What the critics of higher education fail to appreciate, it’s argued, are the hard-to-quantify contributions of the humanities and liberal arts to quality of life, both individual and democratic. In their obsession with “skills,” they fail to calculate habits of critical thinking and active learning. And these lend themselves to “reskilling,” the emerging imperative of more-or-less constant professional reinvention, in our so-called “age of creative destruction.” It’s broad, non-vocational education, curated by expert faculty and delivered in forms and settings that maximize creative interaction — that is both the future of education and the future of colleges and universities.
 
All of this is worth understanding and pondering. It’s an index of the partisan divide that separates attitudes of the right from those of the left. A recent poll has it that 58 percent of Republican and Republican-leaning Independents say that colleges and universities have a negative effect on the country. Thirty-five percent more Republicans than Democrats say that the main purpose of college is to teach skills for the marketplace.i
 
For a very recent word on the changes in higher education, I commend The New Education, by our own Cathy Davidson, an architect of one of the initiatives that are underway at the Graduate Center to address these and other challenges.
 
These, in brief, are the criticisms and countercriticisms that concern present-day higher education, but today, on this occasion, I’d like to peer deeper — much deeper — into the future. As a university president, I’m forced to grapple with these short-term issues as a matter of course. But as a historian of the early medieval period, I’m predisposed to focusing not on what medievalists call “histoire √©v√©nementielle” (history as a succession of events), but on long-term trends.
 
My concerns lie less in the practical steps that universities should take now than in the responsibilities and opportunities that many of you will face later — much later.
 
Let’s start by making some assumptions.
 
At last year’s convocation, we had the pleasure of hearing perform a first-year Ph.D. student who was 18 years old. I’m going to assume that most of you are not 18. Most of you are in your early or mid-20s, and this means that many of you will be in your late 20s or early 30s when you complete your doctoral degrees.
 
Now let’s give the product of that assumption a name: Helen. With deep, deep respect for all the Helens in the room — who, I’m sure, are all fantastic! — Helen will personify my generalities. Helen will be utterly average.
 
Helen will complete her Ph.D. in 2023 or 2024, on this or the other side of 30 years old. Now, the average retirement age is currently about 63, but it’s increasing, and that increase will continue. Of course, academics already retire later than non-academics, on average at least five years later.ii A study at the University of Wisconsin showed that from 2010 to 2014 less than half of the faculty retired by 65, and 20 percent retired at 70 or well over that age.iii So on another conservative assumption, Helen will retire after a 40-year career, in about 2065 — that is, almost 50 years after she took her first Ph.D. seminar.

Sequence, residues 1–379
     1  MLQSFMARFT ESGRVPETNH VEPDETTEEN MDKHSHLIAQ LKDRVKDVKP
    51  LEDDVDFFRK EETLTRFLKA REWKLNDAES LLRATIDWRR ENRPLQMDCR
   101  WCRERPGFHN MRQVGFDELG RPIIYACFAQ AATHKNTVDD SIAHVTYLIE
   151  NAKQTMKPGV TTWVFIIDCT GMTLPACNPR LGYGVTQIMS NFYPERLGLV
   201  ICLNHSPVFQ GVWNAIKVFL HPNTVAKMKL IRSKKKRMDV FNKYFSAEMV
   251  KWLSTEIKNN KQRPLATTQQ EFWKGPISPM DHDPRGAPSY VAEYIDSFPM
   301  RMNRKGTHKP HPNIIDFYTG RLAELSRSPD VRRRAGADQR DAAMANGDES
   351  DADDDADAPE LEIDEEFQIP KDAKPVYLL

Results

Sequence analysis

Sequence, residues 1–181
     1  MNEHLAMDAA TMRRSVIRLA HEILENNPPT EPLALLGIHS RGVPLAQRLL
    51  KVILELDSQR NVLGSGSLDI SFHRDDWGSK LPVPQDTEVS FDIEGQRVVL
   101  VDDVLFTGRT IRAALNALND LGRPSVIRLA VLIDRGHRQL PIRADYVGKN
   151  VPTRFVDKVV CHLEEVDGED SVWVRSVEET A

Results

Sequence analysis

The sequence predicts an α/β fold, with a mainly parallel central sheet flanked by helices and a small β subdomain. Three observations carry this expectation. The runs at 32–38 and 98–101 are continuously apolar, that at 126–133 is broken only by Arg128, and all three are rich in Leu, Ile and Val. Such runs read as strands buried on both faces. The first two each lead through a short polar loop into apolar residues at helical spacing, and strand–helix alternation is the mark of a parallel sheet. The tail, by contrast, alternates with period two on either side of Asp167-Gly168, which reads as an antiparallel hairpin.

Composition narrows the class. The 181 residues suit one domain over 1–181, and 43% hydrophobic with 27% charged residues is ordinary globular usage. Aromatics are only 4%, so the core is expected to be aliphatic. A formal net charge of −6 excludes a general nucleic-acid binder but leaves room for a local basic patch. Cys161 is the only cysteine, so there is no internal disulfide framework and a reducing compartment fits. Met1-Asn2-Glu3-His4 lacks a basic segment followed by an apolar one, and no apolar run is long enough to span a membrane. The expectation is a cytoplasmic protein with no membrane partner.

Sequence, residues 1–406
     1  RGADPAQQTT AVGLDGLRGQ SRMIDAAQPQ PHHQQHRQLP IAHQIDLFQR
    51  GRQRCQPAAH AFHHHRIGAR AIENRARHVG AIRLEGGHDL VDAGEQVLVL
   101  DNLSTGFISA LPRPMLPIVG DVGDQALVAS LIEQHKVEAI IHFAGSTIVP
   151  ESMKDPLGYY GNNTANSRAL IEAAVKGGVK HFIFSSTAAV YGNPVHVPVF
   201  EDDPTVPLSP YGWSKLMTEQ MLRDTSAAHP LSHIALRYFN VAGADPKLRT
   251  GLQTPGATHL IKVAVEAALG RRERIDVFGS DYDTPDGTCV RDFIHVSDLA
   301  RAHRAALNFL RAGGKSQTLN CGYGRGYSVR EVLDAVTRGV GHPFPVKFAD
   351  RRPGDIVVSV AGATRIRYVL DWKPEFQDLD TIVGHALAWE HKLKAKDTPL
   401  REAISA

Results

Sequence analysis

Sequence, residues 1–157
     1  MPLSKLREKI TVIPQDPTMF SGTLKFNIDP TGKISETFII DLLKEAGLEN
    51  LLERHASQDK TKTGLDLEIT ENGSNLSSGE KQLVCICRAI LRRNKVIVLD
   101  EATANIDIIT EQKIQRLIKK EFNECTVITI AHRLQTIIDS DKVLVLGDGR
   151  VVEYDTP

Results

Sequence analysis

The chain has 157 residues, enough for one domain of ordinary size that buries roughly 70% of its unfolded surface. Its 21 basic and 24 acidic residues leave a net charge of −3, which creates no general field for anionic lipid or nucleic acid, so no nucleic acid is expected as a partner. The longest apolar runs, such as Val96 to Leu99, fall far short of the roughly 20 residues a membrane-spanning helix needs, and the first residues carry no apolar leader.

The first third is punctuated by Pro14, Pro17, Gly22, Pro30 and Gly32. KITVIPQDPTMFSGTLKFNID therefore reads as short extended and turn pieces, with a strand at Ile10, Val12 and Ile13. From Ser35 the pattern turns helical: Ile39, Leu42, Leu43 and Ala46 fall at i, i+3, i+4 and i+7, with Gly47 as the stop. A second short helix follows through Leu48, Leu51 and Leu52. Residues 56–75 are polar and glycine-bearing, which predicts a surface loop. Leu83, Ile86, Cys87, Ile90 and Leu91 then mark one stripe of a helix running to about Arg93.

As Helen brings her long and fulfilling career to a close, she will have taught thousands of students. Some are in primary school today, but most have not yet even been born. In the years leading up to her much-deserved retirement, she’ll have students in her classes who were born as late as 2045 or 2048.
 
And this inevitably leads to one final, age-related assumption. Setting aside the very real possibility that life expectancy will leap forward as a result of bioengineering, gene therapy, and the like, we can be sure that in those final years of her long, fulfilling career, Helen will be teaching students who will be living well into the 2120s or even 2130s.iv
 
The arc of lives illustrates the scale of change. The point is not that Helen’s students in the 2040s will regard the technological practices of our world — social media such as Facebook and Twitter — as quaint, the way my children regard their father’s tapes and CDs. Education, as we all know, is foundational to opportunity, justice, and prosperity.
 
What Helen learns now — the research expertise that she acquires and the pedagogy she adopts — will have a century-long bearing on students’ lives.
 
I do wonder if she knew what she was getting into. What a responsibility Helen bears!
 
What about her students? A century ago, there were about 500,000 students enrolled in U.S. colleges and universities. Now that number is almost 20 million. To estimate numbers a century from now would be folly, but already by 2035 or so — not even halfway through Helen’s career — that number will have jumped to 25 million. More students will be older, as the traditional tie between education and youth continues to fray and eventually breaks. Already a majority, more students will be women. And many more students will be people of color. It is minority groups that are driving the increase in enrollment. Between 2000 and 2014, Hispanic enrollment more than doubled, Black enrollment increased by 57 percent, but white enrollment increased by only 7 percent. By 2050 — 15 years before Helen retires — it is white, non-Hispanics who will constitute the minority of the total population.
 
For what careers — 20, 30, or even 40 years down the road — will Helen be preparing her students? The question may presume too much. The short term is fairly clear: the age of outsourcing is giving way to the age of artificial intelligence and automation, and this will have a differential impact on sectors of the economy. The least affected will be those professions that are about managing and developing people, or that require high-level expertise in decision-making and creativity: the so-called knowledge economy.